Marvel’s Black Widow was originally set to premiere in U.S. theatres on May 1, 2020, but like so many films this year, the date was pushed back thanks to that pesky COVID pandemic.
The first announcement pushed the film’s release back to November of this year, but Disney recognized in September that they would have to delay it again to May 7, 2021, leaving fans with a full year to painfully anticipate seeing Scarlett Johansson’s acrobatic butt-kicking in the character’s first solo film.
Of course, fans weren’t the only ones sweating the shift. Everyone who worked on the film, including stars Scarlet Johansson and Florence Pugh, has felt some sense of suspense about the film’s future and eventual box office numbers. From a financial point of view, this especially makes sense for these two main actors. Scarlet Johansson was, according to Forbes, the highest-paid actress of 2019 thanks to her role in the Marvel Cinematic Universe, and Black Widow will only increase her popularity and wealth.
As for Pugh, this marks her entry to the franchise, and depending on how fans receive the character, she could potentially score more screen time in future Marvel productions. But that’s just the financial side of things. The real question is, how did these Black Widow actors feel when they heard about the delay?
How Johansson and Pugh really feel about the Black Widow delay
As it turns out, both Johansson and Pugh were pretty understanding about the whole ordeal and showed a wholesome concern for their fans, but that doesn’t mean they liked having to wait for the film’s release date. Referring to her fellow Black Widow producers, Johansson told Marie Claire, “We’re all eager to get the movie out, but more important than anything, everybody wants the experience to feel safe, to have people be able to really feel confident about sitting in an enclosed theater.”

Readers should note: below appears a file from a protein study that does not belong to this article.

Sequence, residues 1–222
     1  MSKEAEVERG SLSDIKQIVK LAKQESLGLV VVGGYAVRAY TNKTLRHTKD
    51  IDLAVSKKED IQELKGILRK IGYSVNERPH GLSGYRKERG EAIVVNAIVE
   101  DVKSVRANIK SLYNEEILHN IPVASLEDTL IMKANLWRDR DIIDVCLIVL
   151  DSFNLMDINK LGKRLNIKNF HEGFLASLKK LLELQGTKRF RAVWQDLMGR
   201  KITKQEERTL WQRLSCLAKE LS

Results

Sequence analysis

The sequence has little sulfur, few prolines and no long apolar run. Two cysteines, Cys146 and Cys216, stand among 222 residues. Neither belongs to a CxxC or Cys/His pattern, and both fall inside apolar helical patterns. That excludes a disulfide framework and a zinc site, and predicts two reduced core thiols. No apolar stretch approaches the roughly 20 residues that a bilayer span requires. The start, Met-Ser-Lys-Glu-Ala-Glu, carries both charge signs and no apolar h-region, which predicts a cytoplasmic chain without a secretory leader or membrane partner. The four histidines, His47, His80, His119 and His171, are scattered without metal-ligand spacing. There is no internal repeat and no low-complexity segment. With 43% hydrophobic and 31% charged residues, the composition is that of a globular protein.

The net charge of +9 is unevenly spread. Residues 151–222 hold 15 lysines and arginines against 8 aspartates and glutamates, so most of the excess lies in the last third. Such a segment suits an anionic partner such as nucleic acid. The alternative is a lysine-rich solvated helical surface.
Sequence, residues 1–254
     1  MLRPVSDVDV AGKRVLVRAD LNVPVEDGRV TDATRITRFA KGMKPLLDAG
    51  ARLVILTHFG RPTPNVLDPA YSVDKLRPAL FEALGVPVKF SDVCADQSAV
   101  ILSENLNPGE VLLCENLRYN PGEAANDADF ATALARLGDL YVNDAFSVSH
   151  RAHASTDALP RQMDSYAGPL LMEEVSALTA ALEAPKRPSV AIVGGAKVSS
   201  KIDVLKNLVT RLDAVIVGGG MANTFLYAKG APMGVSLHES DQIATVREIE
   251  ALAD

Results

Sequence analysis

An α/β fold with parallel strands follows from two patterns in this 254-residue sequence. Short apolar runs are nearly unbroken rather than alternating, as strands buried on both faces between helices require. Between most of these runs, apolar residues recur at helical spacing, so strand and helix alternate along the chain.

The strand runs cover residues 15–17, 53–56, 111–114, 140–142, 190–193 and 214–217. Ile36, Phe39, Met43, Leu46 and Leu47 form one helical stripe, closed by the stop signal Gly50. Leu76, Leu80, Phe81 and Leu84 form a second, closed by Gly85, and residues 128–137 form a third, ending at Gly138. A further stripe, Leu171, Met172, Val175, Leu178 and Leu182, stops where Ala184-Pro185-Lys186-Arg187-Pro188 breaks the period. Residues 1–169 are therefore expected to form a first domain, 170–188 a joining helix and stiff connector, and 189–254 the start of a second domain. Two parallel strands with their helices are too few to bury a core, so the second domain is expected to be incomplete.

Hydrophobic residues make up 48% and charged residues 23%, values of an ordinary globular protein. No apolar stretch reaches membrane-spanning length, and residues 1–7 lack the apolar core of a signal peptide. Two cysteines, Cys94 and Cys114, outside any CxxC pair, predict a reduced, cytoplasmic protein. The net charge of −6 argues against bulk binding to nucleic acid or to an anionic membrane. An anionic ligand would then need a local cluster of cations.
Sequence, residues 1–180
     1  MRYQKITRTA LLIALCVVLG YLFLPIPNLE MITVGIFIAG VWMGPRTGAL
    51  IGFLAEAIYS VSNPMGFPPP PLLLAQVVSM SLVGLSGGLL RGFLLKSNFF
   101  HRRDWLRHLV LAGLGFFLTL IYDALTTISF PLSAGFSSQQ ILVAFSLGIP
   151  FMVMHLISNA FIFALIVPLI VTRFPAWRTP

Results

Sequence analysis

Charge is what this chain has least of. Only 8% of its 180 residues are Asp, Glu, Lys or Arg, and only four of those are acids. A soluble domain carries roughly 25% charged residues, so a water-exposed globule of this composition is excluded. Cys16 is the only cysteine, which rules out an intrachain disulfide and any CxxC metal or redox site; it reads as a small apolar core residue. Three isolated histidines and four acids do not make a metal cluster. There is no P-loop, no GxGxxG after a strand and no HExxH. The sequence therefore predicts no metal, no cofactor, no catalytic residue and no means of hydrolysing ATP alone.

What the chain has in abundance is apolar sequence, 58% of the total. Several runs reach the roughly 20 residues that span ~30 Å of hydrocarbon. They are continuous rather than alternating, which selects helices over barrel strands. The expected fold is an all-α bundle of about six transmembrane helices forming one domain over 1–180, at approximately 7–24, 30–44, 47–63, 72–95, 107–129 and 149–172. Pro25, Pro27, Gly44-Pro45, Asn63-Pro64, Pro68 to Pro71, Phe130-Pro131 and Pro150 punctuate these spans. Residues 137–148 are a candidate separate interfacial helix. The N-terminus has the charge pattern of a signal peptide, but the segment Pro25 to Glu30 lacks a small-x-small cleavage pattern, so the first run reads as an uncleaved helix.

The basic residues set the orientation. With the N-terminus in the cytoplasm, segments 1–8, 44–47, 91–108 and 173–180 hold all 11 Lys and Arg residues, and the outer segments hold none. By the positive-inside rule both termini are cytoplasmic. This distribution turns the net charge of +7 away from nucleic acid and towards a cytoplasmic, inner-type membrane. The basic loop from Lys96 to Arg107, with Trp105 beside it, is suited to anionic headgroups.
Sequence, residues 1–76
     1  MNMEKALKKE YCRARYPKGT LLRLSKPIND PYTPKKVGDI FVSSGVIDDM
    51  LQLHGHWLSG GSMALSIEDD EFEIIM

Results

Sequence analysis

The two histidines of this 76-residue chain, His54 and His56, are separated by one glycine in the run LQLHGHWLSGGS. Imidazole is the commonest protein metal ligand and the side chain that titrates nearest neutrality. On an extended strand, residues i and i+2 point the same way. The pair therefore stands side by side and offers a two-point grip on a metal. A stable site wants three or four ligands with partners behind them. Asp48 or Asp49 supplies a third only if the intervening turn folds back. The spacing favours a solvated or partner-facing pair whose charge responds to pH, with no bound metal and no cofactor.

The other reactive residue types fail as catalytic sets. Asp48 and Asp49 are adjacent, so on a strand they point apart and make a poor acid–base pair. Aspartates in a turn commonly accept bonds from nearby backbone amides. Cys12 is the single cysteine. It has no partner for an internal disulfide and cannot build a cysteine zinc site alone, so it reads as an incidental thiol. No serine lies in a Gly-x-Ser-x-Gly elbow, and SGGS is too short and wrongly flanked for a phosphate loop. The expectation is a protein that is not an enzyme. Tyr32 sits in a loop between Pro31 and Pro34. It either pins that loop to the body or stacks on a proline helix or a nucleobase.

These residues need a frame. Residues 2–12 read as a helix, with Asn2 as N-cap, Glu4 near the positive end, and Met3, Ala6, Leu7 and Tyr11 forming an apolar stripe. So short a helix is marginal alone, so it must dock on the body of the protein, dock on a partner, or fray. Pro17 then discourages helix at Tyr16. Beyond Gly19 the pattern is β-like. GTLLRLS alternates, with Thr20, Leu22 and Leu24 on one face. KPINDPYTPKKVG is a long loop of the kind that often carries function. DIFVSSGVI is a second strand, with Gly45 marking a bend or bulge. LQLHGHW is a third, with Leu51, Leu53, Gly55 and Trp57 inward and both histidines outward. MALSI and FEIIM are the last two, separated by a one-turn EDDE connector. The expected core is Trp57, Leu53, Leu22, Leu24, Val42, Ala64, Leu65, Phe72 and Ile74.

Marvel newcomer Florence Pugh was on the conference call with the publication as well, ready to open up about her feelings on the subject. For Pugh, Black Widow’s release postponement wasn’t much of a shock. “I think I probably had a hunch,” Pugh admitted. “It seemed to me all the fun of summer, and everybody being outside and finally having some relaxed rules, caught up with everyone, obviously, because of the virus. I’m sad that people don’t get to watch it for another half year, but I wasn’t majorly upset because it’s important to look after people right now.”
This Marvel production represents a much-needed step for representation in the MCU, revolving around complex women and with an equally strong woman at the helm in director Cate Shortland. It’s a bummer for fans and stars alike that such a significant female-centric project has to be postponed, but we won’t have to wait forever. And Johansson and Pugh’s feelings about it — specifically their concern for moviegoers — can serve as a heartwarming reassurance to eager fans.